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All posts tagged Grand Geyser

Geyser Day 2014

Categories: Geysers, Trip Reports
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Since I never tire of watching Yellowstone’s geysers, this year I gave myself all of one day, August twelfth, for chasing the best eruptions. I was richly rewarded.

Starting early, before the Old Faithful Visitor Education Center opened and posted its predictions, I took a chance that there might be an early morning eruption of Great Fountain Geyser that I could catch, but sitting at its shapely formation for 45 minutes, I saw only small bursts and had to conclude that I had missed it.

Still, delighted to find that my FRS radio worked even nine miles from Old Faithful, I heard that Fountain Geyser (in the Fountain Paint Pot area) had started erupting at 9:12, so I got there as quickly as exceeding the speed limit (just a little) would allow. I was in time to witness the latter part of Fountain’s eruption, which continued until 9:48. Jet Geyser was spouting in all directions, and little Twig Geyser contributed, too.

Red Spouter’s northern vent was acting as a very loud fumarole, and the southern vent was boiling vigorously, showing that the water table is relatively high for this late in the summer, thanks to ample rainfall. A clever new sign at the Paint Pot gives us the “Recipe for Mudpots.”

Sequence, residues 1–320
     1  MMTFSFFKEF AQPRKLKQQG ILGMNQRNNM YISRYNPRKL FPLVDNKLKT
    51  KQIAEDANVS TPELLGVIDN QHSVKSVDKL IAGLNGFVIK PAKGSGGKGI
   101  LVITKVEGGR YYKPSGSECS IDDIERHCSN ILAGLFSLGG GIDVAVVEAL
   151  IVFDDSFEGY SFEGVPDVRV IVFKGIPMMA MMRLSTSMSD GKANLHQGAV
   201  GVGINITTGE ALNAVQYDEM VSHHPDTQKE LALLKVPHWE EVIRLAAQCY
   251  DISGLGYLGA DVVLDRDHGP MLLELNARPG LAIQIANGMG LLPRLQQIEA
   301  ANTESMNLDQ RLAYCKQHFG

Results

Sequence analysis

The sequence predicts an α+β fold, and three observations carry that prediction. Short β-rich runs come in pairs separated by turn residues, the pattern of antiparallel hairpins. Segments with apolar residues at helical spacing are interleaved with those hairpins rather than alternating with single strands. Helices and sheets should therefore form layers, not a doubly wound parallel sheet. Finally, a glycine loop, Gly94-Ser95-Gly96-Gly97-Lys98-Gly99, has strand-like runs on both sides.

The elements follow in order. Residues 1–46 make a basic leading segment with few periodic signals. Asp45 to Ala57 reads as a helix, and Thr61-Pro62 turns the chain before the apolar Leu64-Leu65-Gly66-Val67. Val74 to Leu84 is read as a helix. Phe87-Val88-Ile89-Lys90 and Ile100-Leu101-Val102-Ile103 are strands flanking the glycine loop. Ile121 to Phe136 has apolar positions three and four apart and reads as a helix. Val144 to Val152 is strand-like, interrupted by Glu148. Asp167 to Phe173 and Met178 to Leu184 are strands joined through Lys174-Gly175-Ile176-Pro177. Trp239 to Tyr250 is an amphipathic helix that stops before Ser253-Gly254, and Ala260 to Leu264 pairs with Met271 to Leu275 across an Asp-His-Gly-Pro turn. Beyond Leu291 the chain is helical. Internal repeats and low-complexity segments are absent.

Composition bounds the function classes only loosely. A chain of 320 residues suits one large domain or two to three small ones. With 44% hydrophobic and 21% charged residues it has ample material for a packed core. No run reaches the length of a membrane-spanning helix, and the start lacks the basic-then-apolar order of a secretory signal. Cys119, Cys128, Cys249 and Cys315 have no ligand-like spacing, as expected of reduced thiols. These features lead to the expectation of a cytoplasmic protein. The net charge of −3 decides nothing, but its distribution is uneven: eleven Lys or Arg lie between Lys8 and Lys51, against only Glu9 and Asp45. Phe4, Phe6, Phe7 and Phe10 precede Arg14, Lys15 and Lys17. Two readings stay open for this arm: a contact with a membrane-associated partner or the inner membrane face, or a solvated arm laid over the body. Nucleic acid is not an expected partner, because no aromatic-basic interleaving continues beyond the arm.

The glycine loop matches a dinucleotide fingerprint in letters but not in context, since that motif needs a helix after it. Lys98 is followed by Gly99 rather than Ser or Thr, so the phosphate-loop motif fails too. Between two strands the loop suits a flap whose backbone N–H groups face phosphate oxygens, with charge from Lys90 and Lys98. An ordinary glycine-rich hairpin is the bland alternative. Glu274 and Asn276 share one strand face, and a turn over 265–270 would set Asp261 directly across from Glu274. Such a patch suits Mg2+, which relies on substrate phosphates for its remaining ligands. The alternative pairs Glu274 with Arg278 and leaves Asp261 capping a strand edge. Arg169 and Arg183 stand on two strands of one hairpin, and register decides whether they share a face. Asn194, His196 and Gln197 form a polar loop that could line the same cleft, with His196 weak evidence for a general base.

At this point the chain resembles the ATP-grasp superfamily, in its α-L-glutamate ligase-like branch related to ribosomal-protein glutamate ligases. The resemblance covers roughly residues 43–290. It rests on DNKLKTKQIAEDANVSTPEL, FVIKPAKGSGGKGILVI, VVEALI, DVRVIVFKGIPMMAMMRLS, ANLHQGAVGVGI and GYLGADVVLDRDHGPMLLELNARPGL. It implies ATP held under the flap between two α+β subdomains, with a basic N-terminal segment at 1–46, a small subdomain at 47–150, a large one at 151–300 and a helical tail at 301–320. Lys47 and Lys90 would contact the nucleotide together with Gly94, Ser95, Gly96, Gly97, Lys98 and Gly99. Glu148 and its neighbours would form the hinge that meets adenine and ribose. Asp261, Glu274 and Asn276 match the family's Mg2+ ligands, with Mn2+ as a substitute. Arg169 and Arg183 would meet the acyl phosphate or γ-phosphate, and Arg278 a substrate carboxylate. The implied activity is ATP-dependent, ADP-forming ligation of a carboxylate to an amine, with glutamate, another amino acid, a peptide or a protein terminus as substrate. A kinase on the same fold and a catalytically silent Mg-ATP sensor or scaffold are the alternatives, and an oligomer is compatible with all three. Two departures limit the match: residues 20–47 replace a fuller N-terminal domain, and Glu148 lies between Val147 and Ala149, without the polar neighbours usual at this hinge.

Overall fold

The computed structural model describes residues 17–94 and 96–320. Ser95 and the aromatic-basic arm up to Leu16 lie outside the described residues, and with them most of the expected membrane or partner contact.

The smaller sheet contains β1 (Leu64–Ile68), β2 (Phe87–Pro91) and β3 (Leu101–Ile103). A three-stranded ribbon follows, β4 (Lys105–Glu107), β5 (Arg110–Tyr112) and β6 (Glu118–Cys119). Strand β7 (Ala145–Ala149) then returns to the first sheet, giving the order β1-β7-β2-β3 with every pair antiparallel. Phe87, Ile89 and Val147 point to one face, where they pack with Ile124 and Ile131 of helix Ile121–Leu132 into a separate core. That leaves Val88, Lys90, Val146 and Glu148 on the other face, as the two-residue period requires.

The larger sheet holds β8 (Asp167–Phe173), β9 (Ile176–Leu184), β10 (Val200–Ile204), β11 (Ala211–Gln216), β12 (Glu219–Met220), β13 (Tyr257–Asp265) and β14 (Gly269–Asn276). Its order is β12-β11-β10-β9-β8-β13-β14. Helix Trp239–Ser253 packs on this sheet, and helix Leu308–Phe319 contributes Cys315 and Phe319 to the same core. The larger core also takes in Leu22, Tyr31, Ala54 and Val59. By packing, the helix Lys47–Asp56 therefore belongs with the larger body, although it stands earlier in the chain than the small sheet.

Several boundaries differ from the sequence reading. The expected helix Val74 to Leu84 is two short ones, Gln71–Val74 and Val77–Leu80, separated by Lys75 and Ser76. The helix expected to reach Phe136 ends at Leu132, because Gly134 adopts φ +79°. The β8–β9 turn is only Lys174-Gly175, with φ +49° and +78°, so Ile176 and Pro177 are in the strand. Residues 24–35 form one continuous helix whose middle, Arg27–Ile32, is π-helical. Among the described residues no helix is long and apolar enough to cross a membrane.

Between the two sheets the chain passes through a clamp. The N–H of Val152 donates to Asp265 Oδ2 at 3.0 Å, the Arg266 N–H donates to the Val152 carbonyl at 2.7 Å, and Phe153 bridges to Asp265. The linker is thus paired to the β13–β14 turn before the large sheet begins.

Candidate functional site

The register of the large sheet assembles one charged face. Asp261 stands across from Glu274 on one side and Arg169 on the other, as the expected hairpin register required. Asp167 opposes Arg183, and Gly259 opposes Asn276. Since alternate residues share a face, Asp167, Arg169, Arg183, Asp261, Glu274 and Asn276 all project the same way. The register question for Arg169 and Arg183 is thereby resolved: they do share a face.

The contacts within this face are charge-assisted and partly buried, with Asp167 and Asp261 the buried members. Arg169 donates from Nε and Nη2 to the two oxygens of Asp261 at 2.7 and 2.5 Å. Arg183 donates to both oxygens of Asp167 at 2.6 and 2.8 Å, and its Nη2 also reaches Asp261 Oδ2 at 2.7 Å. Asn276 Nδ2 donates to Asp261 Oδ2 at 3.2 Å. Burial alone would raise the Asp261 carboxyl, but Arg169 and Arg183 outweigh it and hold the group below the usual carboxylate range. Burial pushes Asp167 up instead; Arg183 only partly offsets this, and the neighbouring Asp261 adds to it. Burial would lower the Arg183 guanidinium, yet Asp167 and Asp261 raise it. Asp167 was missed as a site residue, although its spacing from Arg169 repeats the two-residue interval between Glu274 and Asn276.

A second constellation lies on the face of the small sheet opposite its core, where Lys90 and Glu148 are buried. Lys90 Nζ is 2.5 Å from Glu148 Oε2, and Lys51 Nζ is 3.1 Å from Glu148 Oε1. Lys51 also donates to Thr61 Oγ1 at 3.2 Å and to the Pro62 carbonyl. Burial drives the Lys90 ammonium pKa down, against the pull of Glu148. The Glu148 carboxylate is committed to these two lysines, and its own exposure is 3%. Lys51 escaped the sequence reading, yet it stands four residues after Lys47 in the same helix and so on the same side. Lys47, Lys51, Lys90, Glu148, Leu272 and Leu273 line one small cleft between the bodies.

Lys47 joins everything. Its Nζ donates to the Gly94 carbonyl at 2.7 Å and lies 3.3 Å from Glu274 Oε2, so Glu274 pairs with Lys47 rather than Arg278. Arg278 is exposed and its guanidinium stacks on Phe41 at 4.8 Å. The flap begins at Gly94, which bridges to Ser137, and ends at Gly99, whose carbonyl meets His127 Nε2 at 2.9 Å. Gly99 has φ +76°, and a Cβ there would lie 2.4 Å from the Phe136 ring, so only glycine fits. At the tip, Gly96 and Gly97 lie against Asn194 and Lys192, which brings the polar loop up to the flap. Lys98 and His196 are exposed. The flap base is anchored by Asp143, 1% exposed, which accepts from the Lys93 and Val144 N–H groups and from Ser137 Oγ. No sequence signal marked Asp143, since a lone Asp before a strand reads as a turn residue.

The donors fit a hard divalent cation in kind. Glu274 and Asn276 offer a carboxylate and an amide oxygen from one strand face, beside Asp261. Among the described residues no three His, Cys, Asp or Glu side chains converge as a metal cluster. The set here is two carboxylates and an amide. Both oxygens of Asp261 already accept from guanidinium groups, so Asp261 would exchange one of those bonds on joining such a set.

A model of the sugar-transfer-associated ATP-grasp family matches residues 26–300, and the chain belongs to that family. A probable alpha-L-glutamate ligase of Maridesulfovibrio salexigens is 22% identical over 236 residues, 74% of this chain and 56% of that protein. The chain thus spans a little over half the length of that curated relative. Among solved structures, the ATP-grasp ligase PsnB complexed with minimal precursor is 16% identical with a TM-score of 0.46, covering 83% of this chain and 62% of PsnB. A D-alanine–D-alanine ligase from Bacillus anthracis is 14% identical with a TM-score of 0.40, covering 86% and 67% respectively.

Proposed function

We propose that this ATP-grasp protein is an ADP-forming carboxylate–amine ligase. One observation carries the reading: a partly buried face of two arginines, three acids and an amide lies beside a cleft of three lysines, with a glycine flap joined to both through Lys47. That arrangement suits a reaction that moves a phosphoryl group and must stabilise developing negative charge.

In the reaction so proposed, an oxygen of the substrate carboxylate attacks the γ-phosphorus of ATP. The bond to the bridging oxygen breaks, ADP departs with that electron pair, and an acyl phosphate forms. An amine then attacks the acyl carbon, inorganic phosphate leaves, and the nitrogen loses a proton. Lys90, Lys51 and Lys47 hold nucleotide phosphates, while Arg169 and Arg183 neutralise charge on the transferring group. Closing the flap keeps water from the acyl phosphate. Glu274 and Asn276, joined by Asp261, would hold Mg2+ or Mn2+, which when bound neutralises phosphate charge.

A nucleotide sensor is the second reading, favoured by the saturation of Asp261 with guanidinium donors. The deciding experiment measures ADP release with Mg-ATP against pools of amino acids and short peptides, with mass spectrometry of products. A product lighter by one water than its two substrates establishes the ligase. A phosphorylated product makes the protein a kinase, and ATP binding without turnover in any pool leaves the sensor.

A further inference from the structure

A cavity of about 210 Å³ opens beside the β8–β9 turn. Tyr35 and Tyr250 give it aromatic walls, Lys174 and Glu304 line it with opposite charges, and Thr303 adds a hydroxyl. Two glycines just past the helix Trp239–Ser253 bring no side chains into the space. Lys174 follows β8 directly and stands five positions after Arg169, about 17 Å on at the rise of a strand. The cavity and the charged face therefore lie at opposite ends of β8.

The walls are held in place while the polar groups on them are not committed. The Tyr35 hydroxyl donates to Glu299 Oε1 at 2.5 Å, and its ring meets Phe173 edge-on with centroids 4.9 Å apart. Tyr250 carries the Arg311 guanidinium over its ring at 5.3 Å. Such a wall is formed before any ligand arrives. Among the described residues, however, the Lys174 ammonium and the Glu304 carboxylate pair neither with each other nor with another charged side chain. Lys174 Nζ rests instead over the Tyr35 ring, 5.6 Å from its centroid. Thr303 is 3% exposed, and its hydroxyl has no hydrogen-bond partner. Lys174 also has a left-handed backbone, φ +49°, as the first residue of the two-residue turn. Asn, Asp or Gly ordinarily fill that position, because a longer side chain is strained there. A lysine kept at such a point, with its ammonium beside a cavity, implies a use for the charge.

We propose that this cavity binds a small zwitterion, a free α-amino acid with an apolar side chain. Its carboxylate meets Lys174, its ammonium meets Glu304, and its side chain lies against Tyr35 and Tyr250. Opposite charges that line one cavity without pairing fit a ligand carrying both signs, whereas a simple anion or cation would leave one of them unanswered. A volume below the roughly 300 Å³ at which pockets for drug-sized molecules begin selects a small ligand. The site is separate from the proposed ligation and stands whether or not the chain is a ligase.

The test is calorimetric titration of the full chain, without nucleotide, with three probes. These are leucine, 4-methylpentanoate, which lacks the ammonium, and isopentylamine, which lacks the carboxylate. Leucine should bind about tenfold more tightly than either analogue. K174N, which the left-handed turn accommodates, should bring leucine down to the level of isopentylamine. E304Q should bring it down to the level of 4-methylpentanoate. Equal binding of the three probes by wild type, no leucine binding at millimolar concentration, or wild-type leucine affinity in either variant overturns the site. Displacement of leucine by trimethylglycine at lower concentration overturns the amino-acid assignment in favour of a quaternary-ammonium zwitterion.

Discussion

Fortunately, I had arrived at the parking lot before the 10:00 am crush, when tour buses and the majority of private vehicles make parking next to impossible. (The same was true this August at Norris Geyser Basin.)

Being able to phone the Old Faithful V.E.C. for geyser predictions this year proved its value: I learned from calling (307) 344-2751 (x2) that I might get back to Upper Geyser Basin in time for Grand Geyser, whose four-hour window was given as 9:15 am to 1:15 pm. Sure enough, arriving at Grand at 11:23, I had only a half-hour wait. Just after the second Turban Geyser eruption that I witnessed, Grand began and gloriously lived up to its name. Its two bursts spanned about fourteen minutes, and I was able to record some of the high points on my iPhone. This was one of the highest and most exciting Grand eruptions I’ve seen in recent memory.

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Grand GeyserNot having traveled with children in the park for a great many years, I learned a couple of things new to me that might be useful for other parents and grandparents to know about. Stuffed animal toys that Xanterra places in hotel rooms and that I have always pushed out of the way to make room for my own stuff are—not surprisingly—a magnet for little ones. My granddaughter Lexi ended the visit the proud owner of a cuddly bison and an even cuddlier black bear!